The entire Platune environment is integrated into a single GUI application and comes with a C compiler as well as a small runtime kernel for use by the application that is being simulated. Overall accuracy of Platune is experimentally shown to be 5% to 15% of gate-level measurements [19].

4. Approach Overview

We will next state the problem and outline our solution. Our solution will be given by first looking at an exhaustive method. Then we state the key observation that makes our approach more efficient, followed by the actual modeling and solution of the problem.

4.1 Problem Formulation

We are given a system-on-a-chip architecture composed of numerous interconnected parameterized computational, communication and memory elements. We enumerate each of these parameters as P1, P2, P3 Ö Pn. Each of these parameters can be assigned a value from a finite set of values. A complete assignment of values to all the parameters is a configuration. The problem is to efficiently compute, with the aid of a system-level model, the Pareto-optimal configurations, with respect to power and performance, for a fixed application executing on the SOC. In our problem, a configuration is Pareto-optimal if no other configuration has better power as well as performance.

4.2. An Exhaustive Solution

An exhaustive solution to this problem can be achieved as follows. Power and performance are evaluated for all configurations. Configurations are sorted by non-increasing execution time (performance). Then, in the sorted order, a walk through the space is performed while all configurations that result in power consumption above the minimum seen thus far are eliminated. The remaining configurations are Pareto-optimal. The algorithm is given in Figure 3.

The problem with this approach is that the configuration space is likely to be very large, making the approach impractical in many cases. The exhaustive approach is practical when applied to a small subset of the solution space consisting of one or two varying parameters while all others held constant.

Fortunately, we have found that many parameters in an SOC have little dependency among each other. Two parameters are dependent if changing the value of one of them impacts the optimal parameter value of the other. For example, it may be that the associativity and line size parameters of the instruction cache are dependent. However, the associativity parameter of the instruction cache and the line size parameter of the data cache are independent. Our approach takes advantage of such independence of parameters to prune the configuration space.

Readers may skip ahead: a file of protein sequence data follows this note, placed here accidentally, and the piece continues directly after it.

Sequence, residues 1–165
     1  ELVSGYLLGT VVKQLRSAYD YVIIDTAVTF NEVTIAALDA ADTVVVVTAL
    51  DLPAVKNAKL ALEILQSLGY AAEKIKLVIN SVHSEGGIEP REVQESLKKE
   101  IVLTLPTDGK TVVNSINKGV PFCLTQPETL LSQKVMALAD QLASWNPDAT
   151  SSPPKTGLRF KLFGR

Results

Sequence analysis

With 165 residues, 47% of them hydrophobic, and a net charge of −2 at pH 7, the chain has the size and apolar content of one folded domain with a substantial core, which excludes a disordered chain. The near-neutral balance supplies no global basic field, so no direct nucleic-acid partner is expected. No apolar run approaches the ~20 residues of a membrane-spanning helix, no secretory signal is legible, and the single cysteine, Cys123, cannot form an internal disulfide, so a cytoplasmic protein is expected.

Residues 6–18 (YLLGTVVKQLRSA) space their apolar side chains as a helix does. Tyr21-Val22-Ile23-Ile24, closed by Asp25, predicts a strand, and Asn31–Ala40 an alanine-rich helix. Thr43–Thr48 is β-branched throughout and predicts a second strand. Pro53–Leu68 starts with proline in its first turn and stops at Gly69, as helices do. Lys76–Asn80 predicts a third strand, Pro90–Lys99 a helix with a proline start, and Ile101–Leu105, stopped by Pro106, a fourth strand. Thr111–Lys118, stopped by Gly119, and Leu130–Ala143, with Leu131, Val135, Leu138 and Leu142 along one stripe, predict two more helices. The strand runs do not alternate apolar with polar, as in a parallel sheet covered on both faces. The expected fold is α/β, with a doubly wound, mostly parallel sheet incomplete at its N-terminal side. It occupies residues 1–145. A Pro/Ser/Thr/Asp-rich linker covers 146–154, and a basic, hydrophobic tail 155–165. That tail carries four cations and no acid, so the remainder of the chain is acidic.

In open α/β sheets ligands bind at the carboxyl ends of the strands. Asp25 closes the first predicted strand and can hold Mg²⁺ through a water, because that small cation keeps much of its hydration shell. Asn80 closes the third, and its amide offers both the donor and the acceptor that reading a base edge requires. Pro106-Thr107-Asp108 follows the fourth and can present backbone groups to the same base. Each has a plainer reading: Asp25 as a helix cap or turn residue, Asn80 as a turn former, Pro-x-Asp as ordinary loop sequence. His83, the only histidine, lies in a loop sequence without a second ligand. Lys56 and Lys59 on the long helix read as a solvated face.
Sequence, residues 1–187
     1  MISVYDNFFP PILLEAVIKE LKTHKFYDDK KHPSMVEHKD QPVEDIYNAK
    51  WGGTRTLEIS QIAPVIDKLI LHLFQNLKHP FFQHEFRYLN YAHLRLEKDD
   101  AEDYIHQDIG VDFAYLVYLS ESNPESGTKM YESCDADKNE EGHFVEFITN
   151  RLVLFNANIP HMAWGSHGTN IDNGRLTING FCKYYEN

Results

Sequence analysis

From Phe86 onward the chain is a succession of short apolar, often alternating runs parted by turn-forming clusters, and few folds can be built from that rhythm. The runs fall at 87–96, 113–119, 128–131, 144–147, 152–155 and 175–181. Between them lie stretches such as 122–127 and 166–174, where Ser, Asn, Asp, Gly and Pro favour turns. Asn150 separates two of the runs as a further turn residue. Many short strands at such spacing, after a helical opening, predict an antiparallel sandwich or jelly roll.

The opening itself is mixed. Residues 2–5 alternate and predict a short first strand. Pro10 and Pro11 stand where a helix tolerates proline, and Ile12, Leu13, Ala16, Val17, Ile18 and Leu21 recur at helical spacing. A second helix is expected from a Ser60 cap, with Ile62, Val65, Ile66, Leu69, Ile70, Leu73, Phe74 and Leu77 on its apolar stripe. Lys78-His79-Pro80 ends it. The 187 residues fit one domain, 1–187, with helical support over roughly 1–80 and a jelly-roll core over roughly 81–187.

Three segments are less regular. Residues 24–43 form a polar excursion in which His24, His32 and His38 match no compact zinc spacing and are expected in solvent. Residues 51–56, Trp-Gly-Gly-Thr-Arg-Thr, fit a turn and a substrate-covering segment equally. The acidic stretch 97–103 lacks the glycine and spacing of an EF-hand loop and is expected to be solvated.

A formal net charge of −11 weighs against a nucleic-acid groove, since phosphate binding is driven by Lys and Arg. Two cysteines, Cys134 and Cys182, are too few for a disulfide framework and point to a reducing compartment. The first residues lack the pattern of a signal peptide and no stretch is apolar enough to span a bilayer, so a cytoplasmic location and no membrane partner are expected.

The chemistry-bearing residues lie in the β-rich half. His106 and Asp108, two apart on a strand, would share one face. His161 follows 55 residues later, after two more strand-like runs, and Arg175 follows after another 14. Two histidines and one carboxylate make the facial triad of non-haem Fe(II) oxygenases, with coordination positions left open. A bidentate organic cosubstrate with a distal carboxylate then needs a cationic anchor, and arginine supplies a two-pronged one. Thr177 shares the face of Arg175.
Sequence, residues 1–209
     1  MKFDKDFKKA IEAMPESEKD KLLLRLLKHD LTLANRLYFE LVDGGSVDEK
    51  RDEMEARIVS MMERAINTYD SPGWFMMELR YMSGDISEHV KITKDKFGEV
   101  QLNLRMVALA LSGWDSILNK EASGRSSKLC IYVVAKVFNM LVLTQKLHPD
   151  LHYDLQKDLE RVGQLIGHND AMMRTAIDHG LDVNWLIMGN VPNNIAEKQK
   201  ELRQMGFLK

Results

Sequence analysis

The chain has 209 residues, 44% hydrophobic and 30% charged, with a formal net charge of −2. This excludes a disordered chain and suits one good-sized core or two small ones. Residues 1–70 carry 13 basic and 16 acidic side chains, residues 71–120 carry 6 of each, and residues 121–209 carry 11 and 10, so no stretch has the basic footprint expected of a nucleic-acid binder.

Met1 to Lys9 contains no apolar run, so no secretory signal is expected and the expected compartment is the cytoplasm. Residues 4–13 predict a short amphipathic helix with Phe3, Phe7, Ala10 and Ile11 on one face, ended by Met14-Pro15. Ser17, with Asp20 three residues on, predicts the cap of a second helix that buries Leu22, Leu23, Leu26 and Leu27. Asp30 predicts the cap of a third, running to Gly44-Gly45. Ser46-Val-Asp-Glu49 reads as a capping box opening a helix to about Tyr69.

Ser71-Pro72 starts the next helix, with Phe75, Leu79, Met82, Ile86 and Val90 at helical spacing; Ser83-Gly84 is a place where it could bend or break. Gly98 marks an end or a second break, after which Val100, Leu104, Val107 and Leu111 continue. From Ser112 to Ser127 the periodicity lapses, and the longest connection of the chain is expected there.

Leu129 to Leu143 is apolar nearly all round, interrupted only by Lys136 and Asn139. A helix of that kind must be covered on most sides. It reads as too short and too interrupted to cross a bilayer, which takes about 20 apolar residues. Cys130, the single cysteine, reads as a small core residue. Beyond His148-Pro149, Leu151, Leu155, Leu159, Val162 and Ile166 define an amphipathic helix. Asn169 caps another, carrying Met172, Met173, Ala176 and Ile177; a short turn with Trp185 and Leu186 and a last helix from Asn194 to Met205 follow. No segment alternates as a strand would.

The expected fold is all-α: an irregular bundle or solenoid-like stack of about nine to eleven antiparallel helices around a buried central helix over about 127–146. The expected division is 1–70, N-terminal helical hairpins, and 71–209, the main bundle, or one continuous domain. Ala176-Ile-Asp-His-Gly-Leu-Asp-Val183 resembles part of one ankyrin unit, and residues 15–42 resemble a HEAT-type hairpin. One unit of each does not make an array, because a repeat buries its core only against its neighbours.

4.3. Parameter Dependency Model

Since our approach takes advantage of dependencies of parameters on each other, we need a model to formally capture the dependencies. We use a graph model. In our graph, nodes represent parameters and directed edges represent dependencies.

An edge from node (parameter) A to node (parameter) B indicates that the Pareto-optimal configurations of B should be calculated only after the Pareto-optimal configurations of A are computed. More generally, a path from A to B indicates that the Pareto-optimal configurations of B should be calculated once the Pareto-optimal configurations of all the nodes from A to B, residing on the path, are calculated, in that order. Meanwhile, all other parameters can be fixed to some arbitrary value. If there is an edge from A to B and an edge from B to A, then the Pareto-optimal configurations of parameters A and B must be calculated simultaneously. More generally, a path from A to B and back to A, which forms a cycle, indicates that the Pareto-optimal configurations of all the parameters on the cycle need to be calculated simultaneously. During that calculation, all other parameters not on the path can be temporally fixed to some arbitrary value. The Pareto-optimal configurations of an isolated node can be computed by temporally setting all other parameters to some arbitrary value.